The Rules of Professional Conduct, applicable to all California lawyers, is found here. These rules are similar, but not identical, to the national standards established by the American Bar Association. As always in reading legal materials, these rules should be read with a practiced and objective understanding of the legal system and the actualities of legal practice.
The State Bar of California is the agency that licenses lawyers in California and, among other things, is charged with the legal responsibility to monitor and discipline lawyers, especially when lawyers become a potential danger to the community.
You can check out any California attorney at the State Bar's website here. This will give you detailed information if the lawyer has been previously disciplined and other useful information, such as the lawyer's college and law school, current address (lawyers are required by law to notify the State Bar of any changes of address) and, sometimes, a current E-mail address. For example, please feel free to verify Mr. Kapp's record here. You will see that Mr. Kapp, who has been licensed since 1979, has a clean record with the State Bar.
The State Bar does NOT get directly involved in legal malpractice cases or ordinarily negligence cases; it may, however, investigate the attorney when there is evidence of unethical behavior, multiple serious violations, or where there is a serious ongoing pattern of malpractice in multiple cases. As a matter of internal practice, the State Bar will NOT get involved in potential or ongoing legal malpractice cases except in those very rare cases where it believes that the attorney is likely to commit serious crimes, such as sexual misconduct with clients. As a matter of policy, the State Bar will not take sides in private malpractice disputes.
It is Mr. Kapp's view that the State Bar should rarely, if ever, be dragged into ordinary cases of legal malpractice: it won't help you, it won't protect the public and you will make any legitimate litigation more difficult, longer and unnecessarily contentious.
While the State Bar can be useful in very limited ways that are consistent with its legal mandate, no client should EVER or under ANY circumstances threaten a lawyer with a State Bar complaint in order to get the attorney to do something. This is a crime (extortion) even if your complaint is valid. There is nothing wrong with filing legitimate complaints with the State Bar (that's their job!), but don’t threaten the lawyer!
Please note that it is Mr. Kapp's position that it generally NOT a good idea to file a State Bar complaint if you are considering a legal malpractice case. First, the vast majority of such complaints are a waste of time because (1) the State Bar is NOT interested in taking action against lawyers who may or may not have committed malpractice in a single case (except if there is evidence that either (a) this is a pattern extending over multiple cases or (b) the attorney is significantly impaired by illegal drugs or other mental or physical condition), (2) the State Bar operates under its own technical rules, (2) very few lay people (or lawyers) understand the ethical rules or objectively evaluate their applicability, (4) the State Bar rarely has the resources or interest in the details of your case, and (5) the State Bar has to be very, very selective in the case it prosecutes, since those are very expensive to process. Even when the State Bar decides to get involved, that is rarely to the benefit of the complaining ex-client.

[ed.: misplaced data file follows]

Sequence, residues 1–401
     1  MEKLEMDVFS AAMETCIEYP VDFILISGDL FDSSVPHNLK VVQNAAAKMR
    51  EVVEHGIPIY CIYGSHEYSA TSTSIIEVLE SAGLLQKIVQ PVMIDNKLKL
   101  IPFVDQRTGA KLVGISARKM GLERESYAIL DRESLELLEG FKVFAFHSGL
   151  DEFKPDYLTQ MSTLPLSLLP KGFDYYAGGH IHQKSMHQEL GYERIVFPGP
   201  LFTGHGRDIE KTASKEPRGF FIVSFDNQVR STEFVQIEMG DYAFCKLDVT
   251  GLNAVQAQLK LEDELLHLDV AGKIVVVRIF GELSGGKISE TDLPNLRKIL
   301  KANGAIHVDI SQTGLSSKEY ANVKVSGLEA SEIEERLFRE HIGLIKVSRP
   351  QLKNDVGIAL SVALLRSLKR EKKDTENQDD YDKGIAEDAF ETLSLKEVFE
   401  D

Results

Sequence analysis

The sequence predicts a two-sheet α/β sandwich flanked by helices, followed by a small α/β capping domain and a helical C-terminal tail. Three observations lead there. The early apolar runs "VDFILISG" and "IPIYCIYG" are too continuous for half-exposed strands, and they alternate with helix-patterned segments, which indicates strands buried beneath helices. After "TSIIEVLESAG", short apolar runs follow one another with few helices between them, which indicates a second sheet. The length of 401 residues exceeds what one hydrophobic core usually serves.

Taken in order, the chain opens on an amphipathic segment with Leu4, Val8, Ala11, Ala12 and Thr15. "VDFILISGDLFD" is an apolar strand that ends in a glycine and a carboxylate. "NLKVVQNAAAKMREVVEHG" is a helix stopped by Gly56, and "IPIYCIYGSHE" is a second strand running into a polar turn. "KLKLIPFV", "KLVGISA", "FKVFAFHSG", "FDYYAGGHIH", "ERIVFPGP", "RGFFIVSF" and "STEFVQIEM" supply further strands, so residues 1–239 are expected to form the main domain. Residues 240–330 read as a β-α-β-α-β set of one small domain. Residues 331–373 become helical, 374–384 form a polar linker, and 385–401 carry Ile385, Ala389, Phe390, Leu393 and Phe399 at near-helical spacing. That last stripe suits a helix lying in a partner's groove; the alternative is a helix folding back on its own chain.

Moreover, State Bar complaints are very rarely successful, and will make the potentially adverse lawyer angry, complicate and prolong your case and make settlement less likely. In fact, Mr. Kapp may, in his sole discretion, decide to reject your case if you unwisely filed a State Bar complaint. That may be interpreted by him as a sign that you have acted using poor judgment and/or may be unwilling to accept advise and counsel.
The best general advice is to discuss filing a State Bar complaint with Mr. Kapp or another competent legal malpractice attorney before you file a State Bar complaint. Mr. Kapp will not hesitate to allow, or even encourage, the filing of a State Bar complaint, but only when that is really justified by the law, the facts and the probability of an outcome that will either serve the legitimate interests of the public and/or the client.
If you want to file a complaint with the State Bar of California, click here.
Should I file a complaint against the attorney with the State Bar of California?